LITTLETON, Colo. (CBS4) - Sally Strelecki has overcome long odds after a tragedy in a Centennial apartment at the beginning of the month. She has somehow survived.
"I have to give her a tremendous amount of credit for doing what she did to get to the stage that she's at now. It was not an easy or simple path by any means," said Nick Osano.
Osano was with Strelecki when a gunshot from what police say was a domestic incident next door came through the wall, striking the 27-year-old in the head on Oct. 2.
Survival was questionable.
"These types of things statistically don't happen. And you know my faith in her, her ability, her spirit, really went a long way in keeping myself afloat as well."
Osano has been Strelecki's boyfriend for more than a half dozen years. More than a week ago, the family was having discussions about ending life support. But Strelecki has pulled through. Slowly. As doctors felt they could peel back the life-saving measures, Strelecki seemed to progress. Then last week, Strelecki regained consciousness.
"When she first woke up the very first thing that she told the nurses was that she wanted to see Niyah. To me, that really filled me with a lot of joy just knowing 1) that she remembered her, 2) that that spirit of Sally is still within her."
Osano has remained hopeful about her ability to overcome significant medical issues.
"I was faced with, you know, some incredibly hard decisions over the period of this, as we all were as a family. The one thing that really brought me a little bit of peace was the fact that I kind of put myself in her shoes. If this was me would she ... ever consider giving up?"
The reality is, her medical situation remains very serious and there may be difficult times ahead.
"And that's something that we're preparing for as well," Osano said. "There aren't a whole lot of people out there that sustain this type of injury and walk away without a scratch, and by no means is that what we're expecting."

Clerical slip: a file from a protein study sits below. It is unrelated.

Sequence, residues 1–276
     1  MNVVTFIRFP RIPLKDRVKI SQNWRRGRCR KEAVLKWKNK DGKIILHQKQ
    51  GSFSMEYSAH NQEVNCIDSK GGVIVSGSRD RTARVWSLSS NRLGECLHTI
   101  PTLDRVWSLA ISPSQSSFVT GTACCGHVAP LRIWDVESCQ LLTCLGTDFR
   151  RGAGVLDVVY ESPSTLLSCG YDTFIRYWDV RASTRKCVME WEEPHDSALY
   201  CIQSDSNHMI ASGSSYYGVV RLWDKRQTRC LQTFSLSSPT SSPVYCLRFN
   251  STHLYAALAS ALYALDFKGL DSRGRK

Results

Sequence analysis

Strelecki's mother Kay Graham is also thankful for the recovery, yet wary of the prognosis.
"I mean, it's a gunshot wound to the head. ... I've been told she's blind."
There's a possibility of regaining some of the vision someday, but it is by no means certain. Strelecki's mother was amazed that her daughter was able to communicate during a visit on Friday.
"I fell back in and hit the monitor. It was such a shock, (I) almost fell to the ground. She was saying a sentence or two."
In a whispering voice she talked with her mother.
"I mean, going back to Oct. 2, when she was shot, till last Friday hearing her say, 'Mom I love you, I miss you,' telling her sisters the same, it just blows you away that she could be telling us that. But she's got a long way, a long, long way to go."
Strelecki also told her mother she wanted to get out of the hospital.
Still to be established will be her abilities cognitively, as well as physically.
"I think the most surprising thing this point is the fact that her mental capabilities are pretty much surpassing the physical capabilities," said Osano. "You know, being in bed for three weeks and have the atrophy happen."
But he says each day is a step forward. Osano returned to work for the first time Monday.
"I kind of just try to keep taking my steps forward, you know approaching new day fresh, just like Sally is."
He remains thankful for all the help that day and since.
"The 911 operator gave me very clear instructions as to how I could help, and in that time that's all I can think about."
Soon first responders arrived.
"The first responders from the Arapahoe County Sheriff's office, the paramedics the fire department that were first on scene that did everything they needed to do to give her the opportunity to be here today. ... I just have to extend from the deepest my heart gratitude towards the hospital staff that have been working with her, caring for her.
"They have been so deeply invested into her well-being that I have all the faith in the world in them and just am forever grateful to who they are, and what they've done for us."
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